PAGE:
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GAO: It Takes More Than Two Years to Hire an Immigration Judge, Backlogged Cases Have More Than Doubled Since 2006

A new Government Accountability Office (GAO) report examining immigration case backlogs and “long-standing management and operational challenges” has found that the Executive Office for Immigration Review (EOIR) faces substantial difficulties in keeping up with a caseload that only continues to grow.

According to the report, backlogged cases, or “cases pending from previous years that remain open at the start of a new fiscal year,” have “more than doubled from fiscal years 2006 through 2015 primarily due to declining cases completed per year.”

Moreover, the report found “that it took an average of 742 days to hire new judges from 2011 through August 2016.”

In addition to being already short-staffed and facing the aforementioned roadblocks in hiring new judges, organizational challenges are further complicated by the fact that 39 percent of current EOIR immigration judges are eligible for retirement.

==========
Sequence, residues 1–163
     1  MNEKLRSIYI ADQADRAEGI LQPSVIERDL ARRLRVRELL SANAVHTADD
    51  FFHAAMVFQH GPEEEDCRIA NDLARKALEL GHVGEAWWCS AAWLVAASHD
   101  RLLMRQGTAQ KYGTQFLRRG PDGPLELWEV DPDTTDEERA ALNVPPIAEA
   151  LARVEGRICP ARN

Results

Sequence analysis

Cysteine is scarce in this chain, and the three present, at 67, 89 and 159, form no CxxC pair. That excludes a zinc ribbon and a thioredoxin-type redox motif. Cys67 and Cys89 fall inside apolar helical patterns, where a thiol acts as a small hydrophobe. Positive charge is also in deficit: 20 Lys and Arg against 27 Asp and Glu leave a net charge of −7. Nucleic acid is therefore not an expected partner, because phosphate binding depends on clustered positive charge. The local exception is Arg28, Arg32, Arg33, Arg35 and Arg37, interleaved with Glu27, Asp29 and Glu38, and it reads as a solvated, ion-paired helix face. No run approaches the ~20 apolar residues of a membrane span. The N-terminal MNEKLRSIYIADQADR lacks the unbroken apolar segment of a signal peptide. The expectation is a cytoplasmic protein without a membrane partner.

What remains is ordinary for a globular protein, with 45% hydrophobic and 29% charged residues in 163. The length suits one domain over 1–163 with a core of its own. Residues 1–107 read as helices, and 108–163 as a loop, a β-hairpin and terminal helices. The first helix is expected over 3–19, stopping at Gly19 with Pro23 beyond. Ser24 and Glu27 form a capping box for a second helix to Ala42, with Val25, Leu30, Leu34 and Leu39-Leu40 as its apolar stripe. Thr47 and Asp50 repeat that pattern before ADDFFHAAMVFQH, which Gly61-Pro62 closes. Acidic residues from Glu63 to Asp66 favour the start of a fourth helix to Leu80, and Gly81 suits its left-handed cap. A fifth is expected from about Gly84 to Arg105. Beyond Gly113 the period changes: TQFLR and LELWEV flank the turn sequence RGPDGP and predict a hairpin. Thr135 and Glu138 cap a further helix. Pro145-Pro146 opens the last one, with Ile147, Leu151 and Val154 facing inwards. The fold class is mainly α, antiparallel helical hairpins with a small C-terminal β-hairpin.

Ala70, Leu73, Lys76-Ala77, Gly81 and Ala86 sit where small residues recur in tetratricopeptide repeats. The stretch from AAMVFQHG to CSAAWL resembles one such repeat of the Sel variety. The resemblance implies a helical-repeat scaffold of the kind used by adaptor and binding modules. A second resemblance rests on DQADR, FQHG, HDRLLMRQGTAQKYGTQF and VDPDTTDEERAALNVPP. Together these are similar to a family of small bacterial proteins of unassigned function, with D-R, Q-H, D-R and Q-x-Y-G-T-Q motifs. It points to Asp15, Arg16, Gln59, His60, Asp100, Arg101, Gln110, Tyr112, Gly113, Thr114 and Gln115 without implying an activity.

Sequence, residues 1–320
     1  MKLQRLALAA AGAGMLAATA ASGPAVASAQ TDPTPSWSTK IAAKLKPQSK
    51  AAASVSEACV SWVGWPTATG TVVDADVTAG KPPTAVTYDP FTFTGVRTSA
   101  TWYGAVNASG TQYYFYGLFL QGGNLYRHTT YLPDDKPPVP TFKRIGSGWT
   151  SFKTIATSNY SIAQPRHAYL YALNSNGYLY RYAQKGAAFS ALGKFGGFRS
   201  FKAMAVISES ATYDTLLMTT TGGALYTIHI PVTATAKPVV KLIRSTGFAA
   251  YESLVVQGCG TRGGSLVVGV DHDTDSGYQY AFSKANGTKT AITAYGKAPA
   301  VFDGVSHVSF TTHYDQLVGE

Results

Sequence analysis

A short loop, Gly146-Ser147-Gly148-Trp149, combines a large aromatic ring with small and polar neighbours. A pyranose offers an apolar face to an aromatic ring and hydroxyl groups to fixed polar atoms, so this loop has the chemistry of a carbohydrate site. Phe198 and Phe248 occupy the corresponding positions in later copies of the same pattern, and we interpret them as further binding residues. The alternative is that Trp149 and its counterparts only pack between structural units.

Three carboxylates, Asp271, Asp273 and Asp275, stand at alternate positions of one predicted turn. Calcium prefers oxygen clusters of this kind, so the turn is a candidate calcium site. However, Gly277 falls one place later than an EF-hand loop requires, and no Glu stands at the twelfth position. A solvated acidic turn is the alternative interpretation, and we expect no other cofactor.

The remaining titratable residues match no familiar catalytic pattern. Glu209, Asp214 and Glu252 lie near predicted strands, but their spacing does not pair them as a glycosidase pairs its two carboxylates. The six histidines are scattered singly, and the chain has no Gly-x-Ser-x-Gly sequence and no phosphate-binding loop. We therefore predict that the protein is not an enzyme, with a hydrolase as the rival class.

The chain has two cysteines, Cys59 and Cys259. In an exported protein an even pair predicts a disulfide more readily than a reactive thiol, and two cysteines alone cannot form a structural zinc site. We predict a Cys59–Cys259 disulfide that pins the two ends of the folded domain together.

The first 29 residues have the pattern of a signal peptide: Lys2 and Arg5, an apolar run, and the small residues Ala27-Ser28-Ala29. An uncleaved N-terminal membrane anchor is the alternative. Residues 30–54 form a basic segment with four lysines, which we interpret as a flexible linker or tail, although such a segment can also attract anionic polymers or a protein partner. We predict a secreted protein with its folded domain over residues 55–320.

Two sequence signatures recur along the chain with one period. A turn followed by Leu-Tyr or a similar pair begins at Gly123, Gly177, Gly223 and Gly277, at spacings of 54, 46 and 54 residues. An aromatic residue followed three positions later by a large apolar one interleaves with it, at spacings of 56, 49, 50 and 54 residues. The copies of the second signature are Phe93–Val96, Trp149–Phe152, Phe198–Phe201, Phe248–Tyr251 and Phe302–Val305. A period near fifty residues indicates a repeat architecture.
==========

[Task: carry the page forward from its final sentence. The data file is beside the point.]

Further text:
“…as a result of the case backlog some immigration courts were scheduling hearings several years in the future, according to EOIR documentation…As of February 2, 2017, one court had individual hearings scheduled out no further than March 2017 while another court had scheduled individual hearings 5 years into the future—February 2022.”

When approached by GAO to discuss the root of the challenges, those involved in the process – including judges, court administrators, and DHS attorneys – cited a lack of court personnel and insufficient funding. The same respondents also noted the sudden rise in cases involving unaccompanied minors beginning in 2014 -- cases that, on average, are more complex and time-consuming.

In light of the report’s findings, GAO’s recommendations include suggestions to improve EOIR’s workforce planning, hiring practices, and data tracking and analysis. EOIR expressed its agreement with most of GAO’s findings, many of which it said it is already working to remedy, but did not specify which recommendations it supported or opposed.

 

Posted in General News

Tags: GAO, EOIR

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